The “ethtool” command refers to the network command line tool configuring the ethernet devices in Linux. It is pre-installed in most Linux distributions. In addition, It provides ethernet device information and allows Linux users to modify its parameters.
This post illustrates the main objective and working of the “ethtool” command with the help of practical examples.
- How to Use the “ethtool” Command?
- List Ethernet Device Settings
- Access the Driver Settings of Ethernet Device
- List Network Interface Features
- Network Statistics of a Particular Ethernet Device
- Customize the Specific NIC Parameters
How to Use the “ethtool” Command?
The “ethtool” command depends on its basic syntax that is typed below:
$ ethtool [options] [device-name]
The above syntax contains the following parameters:
- ethtool: Mian keyword that denotes the “ethtool” command.
- options: Associated options of the “ethtool” command
- device-name: Specifies the ethernet device name.
Execute the “man” command associated with the “ethtool” utility to get its brief details, i.e., supported options:
$ man ethtool
Scroll down the page for more options. Now move on to the various examples of the “ethtool” command.
Example 1: List Ethernet Device Settings
The user should know about the available ethernet device of the Linux system before getting its settings. To perform this task use the “ip(internet protocol)” command followed by the “-a(address)” flag:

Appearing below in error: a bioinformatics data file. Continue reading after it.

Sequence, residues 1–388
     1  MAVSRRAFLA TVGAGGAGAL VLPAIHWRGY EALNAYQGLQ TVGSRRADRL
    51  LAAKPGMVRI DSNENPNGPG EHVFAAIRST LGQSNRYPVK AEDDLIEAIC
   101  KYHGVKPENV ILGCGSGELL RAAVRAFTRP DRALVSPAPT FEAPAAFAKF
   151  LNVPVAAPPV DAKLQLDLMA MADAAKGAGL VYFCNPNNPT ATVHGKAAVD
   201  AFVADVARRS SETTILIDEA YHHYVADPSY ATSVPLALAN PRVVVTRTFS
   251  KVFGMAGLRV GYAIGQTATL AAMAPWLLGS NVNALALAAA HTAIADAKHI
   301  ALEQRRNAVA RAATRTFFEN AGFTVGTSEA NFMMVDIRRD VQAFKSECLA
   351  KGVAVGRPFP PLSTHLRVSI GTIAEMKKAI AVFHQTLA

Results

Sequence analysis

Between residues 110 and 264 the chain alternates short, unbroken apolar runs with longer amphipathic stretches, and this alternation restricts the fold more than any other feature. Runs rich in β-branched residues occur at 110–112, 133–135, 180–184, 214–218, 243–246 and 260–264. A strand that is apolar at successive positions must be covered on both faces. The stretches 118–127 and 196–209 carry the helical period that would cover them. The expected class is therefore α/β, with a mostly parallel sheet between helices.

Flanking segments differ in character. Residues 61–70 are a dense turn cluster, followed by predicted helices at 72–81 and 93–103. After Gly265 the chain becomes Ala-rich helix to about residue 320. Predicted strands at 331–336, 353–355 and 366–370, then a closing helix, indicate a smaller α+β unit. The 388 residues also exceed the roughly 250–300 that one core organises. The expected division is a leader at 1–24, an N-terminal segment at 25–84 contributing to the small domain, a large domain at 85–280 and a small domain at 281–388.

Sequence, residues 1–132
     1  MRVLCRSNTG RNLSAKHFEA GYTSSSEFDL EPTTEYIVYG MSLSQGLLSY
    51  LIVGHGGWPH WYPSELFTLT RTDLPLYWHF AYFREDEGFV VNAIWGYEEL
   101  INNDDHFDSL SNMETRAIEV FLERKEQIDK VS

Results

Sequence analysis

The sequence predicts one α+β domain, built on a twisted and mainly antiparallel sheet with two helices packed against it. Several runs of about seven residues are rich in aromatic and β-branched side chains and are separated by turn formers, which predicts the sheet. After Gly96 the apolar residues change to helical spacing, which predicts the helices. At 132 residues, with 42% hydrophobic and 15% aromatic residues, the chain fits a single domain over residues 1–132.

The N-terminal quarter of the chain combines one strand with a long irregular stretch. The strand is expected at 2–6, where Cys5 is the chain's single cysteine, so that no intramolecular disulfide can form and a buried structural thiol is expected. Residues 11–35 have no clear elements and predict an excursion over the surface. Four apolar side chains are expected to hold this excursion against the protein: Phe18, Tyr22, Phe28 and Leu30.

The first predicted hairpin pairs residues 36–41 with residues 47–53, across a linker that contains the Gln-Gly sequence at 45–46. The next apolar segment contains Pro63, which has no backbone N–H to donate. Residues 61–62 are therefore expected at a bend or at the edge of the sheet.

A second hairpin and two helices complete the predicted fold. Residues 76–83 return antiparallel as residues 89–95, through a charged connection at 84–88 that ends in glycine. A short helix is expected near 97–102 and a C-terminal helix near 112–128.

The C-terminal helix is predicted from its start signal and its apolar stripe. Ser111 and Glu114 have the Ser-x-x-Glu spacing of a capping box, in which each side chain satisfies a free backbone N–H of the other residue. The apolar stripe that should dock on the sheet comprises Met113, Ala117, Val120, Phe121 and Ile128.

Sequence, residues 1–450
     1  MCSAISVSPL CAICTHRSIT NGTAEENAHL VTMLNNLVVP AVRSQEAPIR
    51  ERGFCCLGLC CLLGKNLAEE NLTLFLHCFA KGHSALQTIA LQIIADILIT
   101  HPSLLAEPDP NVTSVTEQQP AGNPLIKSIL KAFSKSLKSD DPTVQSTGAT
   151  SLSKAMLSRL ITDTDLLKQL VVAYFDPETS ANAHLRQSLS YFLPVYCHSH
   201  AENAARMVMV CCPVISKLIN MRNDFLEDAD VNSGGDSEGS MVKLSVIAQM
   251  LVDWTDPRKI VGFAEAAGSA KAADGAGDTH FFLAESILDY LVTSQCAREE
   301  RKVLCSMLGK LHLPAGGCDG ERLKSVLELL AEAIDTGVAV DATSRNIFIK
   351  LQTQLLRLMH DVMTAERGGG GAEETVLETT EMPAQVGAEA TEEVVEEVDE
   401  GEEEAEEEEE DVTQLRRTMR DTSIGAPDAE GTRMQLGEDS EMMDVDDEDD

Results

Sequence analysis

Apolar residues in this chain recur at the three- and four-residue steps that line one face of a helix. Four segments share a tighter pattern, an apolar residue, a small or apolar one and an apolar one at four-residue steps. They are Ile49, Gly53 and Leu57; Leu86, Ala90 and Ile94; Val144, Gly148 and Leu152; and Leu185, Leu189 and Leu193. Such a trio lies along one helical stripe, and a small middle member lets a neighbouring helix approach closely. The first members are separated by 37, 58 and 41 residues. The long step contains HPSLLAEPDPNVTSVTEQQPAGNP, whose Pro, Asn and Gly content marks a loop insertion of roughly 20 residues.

$ ip a
The ethernet device of our Linux system is “ens33”.
Now, execute the “ethtool” command to list down the information of ethernet device “ens33”:
$ ethtool ens33
The output highlights the “Settings for ens33” ethernet device.
Example 2: Access the Driver Settings of Ethernet Device
The “-i or –driver” flag of the ethtool command provides the driver settings of the “Network Interface Card(NIC)”/”Ethernet device”. Here, the “–driver” argument is used with the “ethtool” to get the driver settings of the “ens33”:
$ ethtool --driver ens33
The output shows that the “ens33” device is using the “e100” driver having “5.15.0” version.
Example 3: List Network Interface Features
Every ethernet device supports various properties/features as per requirements. To get the specified ethernet device features with the “ethtool” command, use the “–show-features” flag in this way:
$ ethtool --show-features ens33
The above command displays all the supported features of the “ens33” ethernet device.
Example 4: Network Statistics of a Particular Ethernet Device
The user can also find out the network usage statistics with the “-S or –statistics” option as we did here for interface “ens33”:
$ ethtool --statistics ens33
The output of the above command displays the “sent tx(transmitted)”, “received rx(Received)”, “collided” and “errors” packets of the interface “ens33”.
Example 5: Customize the Specific NIC Parameters
The ethernet devices/network interface contains the “speed”, “duplex”, and “Auto-negotiation” parameters that can be easily customized through the “ethtool” command.
Suppose the “ens33” is currently working on “1000Mb/s” speed with “Full” duplex mode and “Auto-negotiation” is on:
$ ethtool ens33
The “ethtool” command offers the “-s(settings)” argument. In this example, it is used to set the “ens33” device speed to “10Mb/s”, duplex “half”, and the auto-negotiation “off”.
$ sudo ethtool -s ens33 speed 10 duplex half autoneg off
The highlighted parameters of the “ens33” network interface have been modified.
Linux and most of its distributions support the network command line utility “ethtool” to display and manage the network interface devices. It comes with a list of supported flags that provides the desired output per requirements and modifies its parameters. This post has briefly illustrated the “ethtool” command with the help of practical examples.